This Sunday, I invite you to reflect on the theme of waiting in faith. The readings illustrate this theme, with the promise of justice and peace with the coming of the Messiah, and the assurance from John the Baptist that Christ will fulfill all prophecies and renew things.
There’s an oft-quoted Ignatian principle expressed in the form of a question that I propose as our starting point in our reflections: Do you seek the God of consolation or the consolations of God?
This presents to us a very subtle truth. It is not what we wait for, but who we wait for that will matter most in the end. This is why Advent is a waiting in faith.
We wait for the coming of Christ in whom we can place our faith in, with whom we can enter into a relationship of meaning and love. We become what we believe, or better still, we become who we believe in.
I had previously shared an Anthony de Mello story on friendship that gives rise to faith.
There were two soldiers, Joe and Carl, who were close friends. It was wartime, and they were in one company engaged in an encounter. As they started to suffer heavy casualties, the commander ordered a retreat.
When the company got to safe ground, Joe noticed Carl was not with them. He went to the commander and asked permission to go back to look for Carl. The commander disapproved, saying that under heavy fire of the enemy, Carl would surely have been killed. He told Joe they would recover the bodies when it was safer to do so.
Joe apologized before he disobeyed the order and ran back to the battlefield. Minutes later he came back carrying Carl’s dead body. As he put it down, the company saw that Joe himself was mortally wounded.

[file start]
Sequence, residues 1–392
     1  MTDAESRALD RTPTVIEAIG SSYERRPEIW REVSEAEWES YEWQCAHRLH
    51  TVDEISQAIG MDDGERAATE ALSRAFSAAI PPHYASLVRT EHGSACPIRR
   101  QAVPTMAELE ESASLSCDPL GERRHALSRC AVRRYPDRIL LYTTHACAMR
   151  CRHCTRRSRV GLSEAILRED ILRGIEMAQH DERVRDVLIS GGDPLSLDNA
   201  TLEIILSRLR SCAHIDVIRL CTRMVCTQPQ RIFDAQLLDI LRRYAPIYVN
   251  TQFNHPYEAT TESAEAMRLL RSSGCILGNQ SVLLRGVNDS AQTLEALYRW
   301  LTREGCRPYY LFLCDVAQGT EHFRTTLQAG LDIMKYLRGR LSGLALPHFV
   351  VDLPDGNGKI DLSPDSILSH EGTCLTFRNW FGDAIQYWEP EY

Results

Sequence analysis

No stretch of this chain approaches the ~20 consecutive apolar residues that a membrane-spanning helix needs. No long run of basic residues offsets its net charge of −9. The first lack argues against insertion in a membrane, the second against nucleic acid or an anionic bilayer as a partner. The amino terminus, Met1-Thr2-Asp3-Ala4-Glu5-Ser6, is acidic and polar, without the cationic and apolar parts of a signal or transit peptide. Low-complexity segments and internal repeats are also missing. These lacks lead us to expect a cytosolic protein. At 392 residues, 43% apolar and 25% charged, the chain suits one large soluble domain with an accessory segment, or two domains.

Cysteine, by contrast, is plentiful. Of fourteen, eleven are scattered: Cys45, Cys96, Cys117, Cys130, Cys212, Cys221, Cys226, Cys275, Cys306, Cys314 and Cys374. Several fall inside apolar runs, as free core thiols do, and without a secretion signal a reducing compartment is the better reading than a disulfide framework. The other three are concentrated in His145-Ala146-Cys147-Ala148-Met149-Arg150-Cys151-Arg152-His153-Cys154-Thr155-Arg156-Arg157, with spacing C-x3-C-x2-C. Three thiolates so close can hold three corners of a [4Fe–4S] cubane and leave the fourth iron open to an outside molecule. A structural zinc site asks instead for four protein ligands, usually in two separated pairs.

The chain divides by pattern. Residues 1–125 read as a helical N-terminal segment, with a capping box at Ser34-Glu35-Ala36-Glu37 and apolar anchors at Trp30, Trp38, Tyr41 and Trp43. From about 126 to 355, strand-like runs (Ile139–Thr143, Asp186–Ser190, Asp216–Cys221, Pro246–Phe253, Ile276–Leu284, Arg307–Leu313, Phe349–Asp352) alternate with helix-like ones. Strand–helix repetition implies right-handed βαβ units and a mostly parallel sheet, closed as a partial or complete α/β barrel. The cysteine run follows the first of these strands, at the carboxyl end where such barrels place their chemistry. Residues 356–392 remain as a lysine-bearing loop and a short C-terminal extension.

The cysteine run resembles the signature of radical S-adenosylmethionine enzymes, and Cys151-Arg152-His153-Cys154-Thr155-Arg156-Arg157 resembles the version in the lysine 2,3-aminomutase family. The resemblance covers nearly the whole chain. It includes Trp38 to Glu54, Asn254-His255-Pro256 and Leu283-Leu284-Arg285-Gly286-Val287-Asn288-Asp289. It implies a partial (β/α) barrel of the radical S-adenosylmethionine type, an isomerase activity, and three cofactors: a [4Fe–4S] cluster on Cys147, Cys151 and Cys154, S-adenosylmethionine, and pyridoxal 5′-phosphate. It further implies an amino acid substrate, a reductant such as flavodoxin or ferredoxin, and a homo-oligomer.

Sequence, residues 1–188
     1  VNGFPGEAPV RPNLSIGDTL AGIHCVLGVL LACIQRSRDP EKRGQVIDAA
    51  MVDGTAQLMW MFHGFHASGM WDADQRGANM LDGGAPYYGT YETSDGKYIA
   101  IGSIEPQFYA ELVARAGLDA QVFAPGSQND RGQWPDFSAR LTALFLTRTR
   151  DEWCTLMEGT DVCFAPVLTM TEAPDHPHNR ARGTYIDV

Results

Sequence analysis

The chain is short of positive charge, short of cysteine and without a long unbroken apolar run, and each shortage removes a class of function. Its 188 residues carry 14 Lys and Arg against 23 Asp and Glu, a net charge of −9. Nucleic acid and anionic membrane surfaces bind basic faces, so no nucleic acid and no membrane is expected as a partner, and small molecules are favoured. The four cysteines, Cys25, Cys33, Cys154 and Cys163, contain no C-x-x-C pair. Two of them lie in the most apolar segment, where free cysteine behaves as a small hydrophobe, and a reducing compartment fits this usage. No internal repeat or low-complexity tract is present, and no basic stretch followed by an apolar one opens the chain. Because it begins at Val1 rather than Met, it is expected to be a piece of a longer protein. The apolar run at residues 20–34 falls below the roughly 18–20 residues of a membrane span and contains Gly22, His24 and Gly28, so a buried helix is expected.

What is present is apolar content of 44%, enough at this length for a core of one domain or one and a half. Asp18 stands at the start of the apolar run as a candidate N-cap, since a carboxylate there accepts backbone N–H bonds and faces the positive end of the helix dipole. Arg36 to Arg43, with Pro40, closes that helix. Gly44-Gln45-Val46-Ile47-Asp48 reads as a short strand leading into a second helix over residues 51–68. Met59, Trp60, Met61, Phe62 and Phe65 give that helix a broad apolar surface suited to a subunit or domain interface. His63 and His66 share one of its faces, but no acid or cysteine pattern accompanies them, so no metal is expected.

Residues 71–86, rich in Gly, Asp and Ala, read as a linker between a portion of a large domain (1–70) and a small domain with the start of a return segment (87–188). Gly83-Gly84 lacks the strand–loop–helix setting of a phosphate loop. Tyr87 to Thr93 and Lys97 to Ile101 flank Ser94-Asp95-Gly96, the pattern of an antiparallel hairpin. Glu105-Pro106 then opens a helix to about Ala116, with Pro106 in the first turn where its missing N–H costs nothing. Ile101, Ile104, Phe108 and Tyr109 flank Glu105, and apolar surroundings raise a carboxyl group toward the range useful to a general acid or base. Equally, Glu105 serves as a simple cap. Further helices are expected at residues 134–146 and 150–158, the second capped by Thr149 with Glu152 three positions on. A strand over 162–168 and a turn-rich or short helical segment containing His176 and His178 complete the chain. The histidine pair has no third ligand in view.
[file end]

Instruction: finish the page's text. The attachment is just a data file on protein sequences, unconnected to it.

The commander furiously told Joe, “I told you he would have been killed in the firefight. You foolishly endangered yourself, and now I risk losing another man. What a waste, Joe!”
Joe, fighting for his own life, calmly told the commander, “Sir, it was not a waste. When I got to Carl he was still alive. I held him up and propped him on my lap telling him to hold on. He gasped for breath, he smiled, and his last and only words were, ‘Joe, I knew you would come.’”
“I knew you would come.” This is what “waiting in faith” means. St. Paul writes in his letter to the Hebrews: “Faith is the assurance of things hoped for, the evidence of things not seen.” (Hebrews 11:1)
This is the grace of the waiting in faith of Advent that is available to us. It is not just an abstract faith, but a personal faith in the person of Christ; not in consolations, but in the God of consolation.
A former student shared a similar story. He is now in his late 30s, advancing in his career, and his work requires a lot of traveling. He got married 12 years ago and was blessed with two kids, both boys.
After a trip abroad, he got home in time for dinner. Upon entering the house, his two boys ran up and hugged him. His older son, then 9, hugged him tightly and started to tear.
Then the boy said, “I am crying because I am so happy you are here, dad.” The father hugged back his son and said, “I am happy, too, that I am with you.”
He realized how much his son had matured. This young boy was always warm and affectionate, but in his younger years what came after the hug was the excited wait for pasalubong.
These stories tell us of the grace of waiting in faith, which renews the assurance of “I knew you would come,” a grace most powerfully highlighted in this Season of Advent and brought to fulfillment in the great Feast of Christmas.
It reminds us of the story of our faith, how, for ages, our fathers in faith were inspired by this waiting in faith that the promised Messiah will come. This is our story. Our life is inspired by faith in this promise that makes us wait in faith. And when he comes, it is the joy of a child, tears of joy.
Waiting in faith finds its synthesis in the manger. In the fulfillment of an age-old prophecy, “Behold the virgin shall be with child and they call him Emmanuel, God-with-us.”
At that moment we are renewed, the waiting in faith is rewarded by a renewed relationship with Christ. We embrace once more our Christ.
We can wait in faith because God was first to wait in faith for us. He knew we would come. We would go back home to him. —CONTRIBUTED